Puddings and Cream-Pie Fillings
Above 5,000 feet, temperatures obtained with a double boiler are not high enough for maximum gelatinization of starch. Therefore, use direct heat rather than a double boiler.
High altitude has its most pronounced effect on the rising time of bread. At high altitudes, the rising period is shortened. Since the development of a good flavor in bread partially depends on the length of the rising period, it is well to maintain that period. Punching the dough down twice gives time for the flavor to develop.
In addition, flours tend to be drier and thus able to absorb more liquid in high, dry climates. Therefore, less flour may be needed to make the dough the proper consistency.
Cakes Made with Shortening
Most cake recipes perfected for sea level need no modifications up to 3,000 feet. Above that, decreased atmospheric pressure may result in excessive rising, which stretches the cell structure of the cake, making the texture coarse, or breaks the cells, causing the cake to fall. This usually is corrected by decreasing the amount of leavening agent. Increasing the baking temperature 15 to 25 degrees F can also help “set” the batter before the cells formed by the leavening gas expand too much. Excessive evaporation of water at high altitude leads to high concentration of sugar, which weakens the cell structure. Therefore, decrease sugar in the recipe and increase liquid. Only repeated experiments with each recipe can give the most successful proportions to use. Table 3 is a helpful starting point. Try the smaller adjustment first, this may be all that is needed.
In making rich cakes at high altitudes, you might have to reduce shortening by 1 or 2 tablespoons. Fat, like sugar, weakens the cell structure. Also, increasing the amount of egg strengthens the cell structure and may prevent the too-rich cake from falling.
|Table 3: Cake-recipe adjustment guide for high altitude.|
|Adjustment||3,000 ft.||5,000 ft.||7,000 ft.|
|Reduce baking powder, for each tsp., decrease:||1/8 tsp.||1/8-1/4 tsp.||1/4 tsp.|
|Reduce sugar, for each cup, decrease:||0-1 Tbsp.||0-2 Tbsp.||1-3 Tbsp.|
|Increase liquid, for each cup, add:||1-2 Tbsp.||2-4 Tbsp.||3-4 Tbsp.|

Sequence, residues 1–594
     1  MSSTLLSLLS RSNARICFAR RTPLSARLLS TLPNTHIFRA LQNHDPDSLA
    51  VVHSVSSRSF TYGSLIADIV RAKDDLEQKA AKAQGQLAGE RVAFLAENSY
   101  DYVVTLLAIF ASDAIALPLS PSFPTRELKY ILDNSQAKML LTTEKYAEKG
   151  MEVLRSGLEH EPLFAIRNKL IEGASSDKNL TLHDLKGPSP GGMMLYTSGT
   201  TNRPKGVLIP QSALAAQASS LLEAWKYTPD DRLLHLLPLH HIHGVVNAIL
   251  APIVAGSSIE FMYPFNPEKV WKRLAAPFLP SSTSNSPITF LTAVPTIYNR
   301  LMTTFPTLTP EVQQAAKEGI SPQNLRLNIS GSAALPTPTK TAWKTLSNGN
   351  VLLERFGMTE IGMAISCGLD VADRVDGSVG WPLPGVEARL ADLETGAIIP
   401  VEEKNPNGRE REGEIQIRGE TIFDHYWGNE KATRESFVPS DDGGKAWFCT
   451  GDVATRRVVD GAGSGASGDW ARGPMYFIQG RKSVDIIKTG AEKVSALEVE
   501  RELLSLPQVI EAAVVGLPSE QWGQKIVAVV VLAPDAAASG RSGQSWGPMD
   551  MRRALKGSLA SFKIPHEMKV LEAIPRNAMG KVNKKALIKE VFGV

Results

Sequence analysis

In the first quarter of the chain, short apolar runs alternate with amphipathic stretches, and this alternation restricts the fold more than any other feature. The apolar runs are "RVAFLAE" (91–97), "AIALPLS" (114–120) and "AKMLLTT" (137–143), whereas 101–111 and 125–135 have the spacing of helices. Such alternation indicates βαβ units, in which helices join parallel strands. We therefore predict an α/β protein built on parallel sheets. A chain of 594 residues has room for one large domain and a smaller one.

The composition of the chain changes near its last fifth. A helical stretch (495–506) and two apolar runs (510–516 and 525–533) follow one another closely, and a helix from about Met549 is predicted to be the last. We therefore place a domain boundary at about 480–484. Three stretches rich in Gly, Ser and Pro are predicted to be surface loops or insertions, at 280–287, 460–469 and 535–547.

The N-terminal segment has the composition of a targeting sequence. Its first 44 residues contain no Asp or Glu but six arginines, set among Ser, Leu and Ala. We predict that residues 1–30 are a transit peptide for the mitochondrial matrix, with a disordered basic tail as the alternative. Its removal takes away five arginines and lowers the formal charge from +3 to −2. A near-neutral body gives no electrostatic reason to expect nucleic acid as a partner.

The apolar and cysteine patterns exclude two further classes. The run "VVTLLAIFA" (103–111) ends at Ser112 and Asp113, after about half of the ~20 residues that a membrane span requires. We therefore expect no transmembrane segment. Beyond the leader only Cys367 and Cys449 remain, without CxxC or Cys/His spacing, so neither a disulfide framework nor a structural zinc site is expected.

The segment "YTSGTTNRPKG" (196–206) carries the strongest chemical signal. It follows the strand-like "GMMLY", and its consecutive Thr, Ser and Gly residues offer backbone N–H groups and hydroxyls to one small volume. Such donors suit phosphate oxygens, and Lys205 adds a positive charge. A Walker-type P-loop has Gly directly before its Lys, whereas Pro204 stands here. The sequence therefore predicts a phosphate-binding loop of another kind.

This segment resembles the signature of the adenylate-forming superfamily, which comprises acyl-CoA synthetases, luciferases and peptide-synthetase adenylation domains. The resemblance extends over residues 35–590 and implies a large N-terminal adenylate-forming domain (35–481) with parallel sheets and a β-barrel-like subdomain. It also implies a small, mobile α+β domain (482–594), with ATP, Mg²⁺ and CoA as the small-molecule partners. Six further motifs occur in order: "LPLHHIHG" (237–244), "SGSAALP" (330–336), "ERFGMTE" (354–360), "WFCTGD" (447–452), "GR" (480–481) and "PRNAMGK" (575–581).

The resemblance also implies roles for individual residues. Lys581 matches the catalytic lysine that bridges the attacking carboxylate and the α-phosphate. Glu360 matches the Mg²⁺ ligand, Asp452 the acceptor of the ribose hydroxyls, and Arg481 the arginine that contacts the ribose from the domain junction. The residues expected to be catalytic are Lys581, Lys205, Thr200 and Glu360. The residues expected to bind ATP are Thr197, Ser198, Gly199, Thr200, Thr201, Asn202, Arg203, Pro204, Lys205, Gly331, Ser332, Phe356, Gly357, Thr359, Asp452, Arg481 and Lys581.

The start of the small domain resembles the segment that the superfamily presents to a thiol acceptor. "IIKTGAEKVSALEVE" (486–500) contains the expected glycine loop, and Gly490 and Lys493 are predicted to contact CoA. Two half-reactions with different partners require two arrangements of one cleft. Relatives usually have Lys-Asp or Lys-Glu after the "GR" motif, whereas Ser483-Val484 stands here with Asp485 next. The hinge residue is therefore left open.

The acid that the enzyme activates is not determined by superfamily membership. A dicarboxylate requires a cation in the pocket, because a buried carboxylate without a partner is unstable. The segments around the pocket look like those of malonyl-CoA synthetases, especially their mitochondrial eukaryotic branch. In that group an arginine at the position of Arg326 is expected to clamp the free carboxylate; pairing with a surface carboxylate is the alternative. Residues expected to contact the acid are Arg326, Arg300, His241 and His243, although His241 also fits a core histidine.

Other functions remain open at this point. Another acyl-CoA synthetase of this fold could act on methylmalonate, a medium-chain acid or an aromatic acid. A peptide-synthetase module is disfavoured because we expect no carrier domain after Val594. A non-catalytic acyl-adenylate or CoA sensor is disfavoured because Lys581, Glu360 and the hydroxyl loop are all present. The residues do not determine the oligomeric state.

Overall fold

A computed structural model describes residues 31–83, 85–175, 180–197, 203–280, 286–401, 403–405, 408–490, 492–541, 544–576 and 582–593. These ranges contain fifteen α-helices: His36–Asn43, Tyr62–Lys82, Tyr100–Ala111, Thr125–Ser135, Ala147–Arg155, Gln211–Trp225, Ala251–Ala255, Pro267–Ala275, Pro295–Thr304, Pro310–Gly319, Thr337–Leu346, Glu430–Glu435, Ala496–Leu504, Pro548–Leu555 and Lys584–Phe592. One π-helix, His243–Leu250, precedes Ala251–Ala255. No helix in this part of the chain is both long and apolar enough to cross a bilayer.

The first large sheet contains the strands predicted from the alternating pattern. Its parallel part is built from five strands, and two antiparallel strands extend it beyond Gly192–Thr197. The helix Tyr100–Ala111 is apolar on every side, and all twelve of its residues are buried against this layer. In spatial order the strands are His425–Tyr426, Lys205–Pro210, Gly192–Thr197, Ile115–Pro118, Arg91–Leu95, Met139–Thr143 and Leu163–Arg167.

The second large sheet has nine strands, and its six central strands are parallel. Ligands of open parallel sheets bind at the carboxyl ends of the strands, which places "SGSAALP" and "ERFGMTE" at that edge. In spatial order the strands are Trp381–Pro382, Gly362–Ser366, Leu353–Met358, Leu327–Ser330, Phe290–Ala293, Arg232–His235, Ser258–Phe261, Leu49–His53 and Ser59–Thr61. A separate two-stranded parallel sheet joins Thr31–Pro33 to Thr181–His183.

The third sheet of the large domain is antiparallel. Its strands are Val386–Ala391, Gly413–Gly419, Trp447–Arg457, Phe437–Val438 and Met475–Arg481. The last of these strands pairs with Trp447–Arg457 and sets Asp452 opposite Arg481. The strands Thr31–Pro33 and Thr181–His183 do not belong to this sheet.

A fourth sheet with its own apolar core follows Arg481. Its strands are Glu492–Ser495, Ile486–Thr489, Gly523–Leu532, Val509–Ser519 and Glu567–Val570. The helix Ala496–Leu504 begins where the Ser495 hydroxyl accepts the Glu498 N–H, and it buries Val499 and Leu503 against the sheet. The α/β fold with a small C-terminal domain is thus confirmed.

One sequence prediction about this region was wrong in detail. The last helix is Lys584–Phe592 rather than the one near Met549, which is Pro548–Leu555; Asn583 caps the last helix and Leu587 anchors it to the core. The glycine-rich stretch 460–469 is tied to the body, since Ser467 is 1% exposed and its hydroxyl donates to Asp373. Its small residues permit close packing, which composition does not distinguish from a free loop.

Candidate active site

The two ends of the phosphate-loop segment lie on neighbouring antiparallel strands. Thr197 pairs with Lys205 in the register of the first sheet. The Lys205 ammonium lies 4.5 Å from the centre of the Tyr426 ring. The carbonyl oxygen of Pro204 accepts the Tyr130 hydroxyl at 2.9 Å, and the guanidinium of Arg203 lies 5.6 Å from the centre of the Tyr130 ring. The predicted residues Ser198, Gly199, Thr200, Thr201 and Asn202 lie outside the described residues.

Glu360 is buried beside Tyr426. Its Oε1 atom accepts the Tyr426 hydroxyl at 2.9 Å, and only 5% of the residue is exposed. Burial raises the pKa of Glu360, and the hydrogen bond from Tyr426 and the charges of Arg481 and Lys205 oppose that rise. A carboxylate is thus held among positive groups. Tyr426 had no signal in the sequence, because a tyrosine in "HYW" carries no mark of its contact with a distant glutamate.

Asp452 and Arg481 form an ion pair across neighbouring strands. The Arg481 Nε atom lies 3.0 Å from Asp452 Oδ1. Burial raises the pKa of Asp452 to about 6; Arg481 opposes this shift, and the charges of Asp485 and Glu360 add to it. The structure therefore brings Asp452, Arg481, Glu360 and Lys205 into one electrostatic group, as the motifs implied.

Angel Food and Sponge Cakes
The leavening gas for these is largely air. Do not beat too much air into the eggs. Beat egg whites only until they form peaks that fall over - not stiff and dry, which will cause collapse of cells. Strengthen cell structure by using less sugar and more flour, and a higher baking temperature.
Adjustments usually take the form of strengthening the cell walls of the cake by adding all-purpose flour and liquid. Suggestions for high-altitude adjustments are provided on most cake mix boxes.
Although many sea-level cookie recipes yield acceptable results at high altitudes, they often can be improved by a slight increase in baking temperature, a slight decrease in baking powder or soda, a slight decrease in fat or sugar, and/or a slight increase in liquid ingredients. Many cookie recipes contain a higher proportion of sugar and fat than necessary, even at low altitudes.
Biscuits, Muffins and Quick Breads
Quick breads vary from muffin-like to cake-like in cell structure. Although the cell structure of biscuits and muffin-type quick breads is firm enough to withstand the increased internal pressure at high altitudes without adjustment, a bitter or alkaline flavor may result from inadequate neutralization of baking soda or powder. When this occurs, reducing the baking soda or powder slightly will usually improve results.
Quick breads with a cake-like texture are more delicately balanced and usually can be improved at high altitudes by following the adjustment recommendations given for cakes.
Although not generally affected by altitude, slightly more liquid may improve results.
Practical Baking Notes:
- Use any brand of enriched all-purpose or cake flour.
- Do not assume that your sea level recipe will fail. Try it first. It may need little or no modification.
1 P. Kendall, Colorado State University Extension specialist and professor, food science and human nutrition
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Updated Friday, April 19, 2013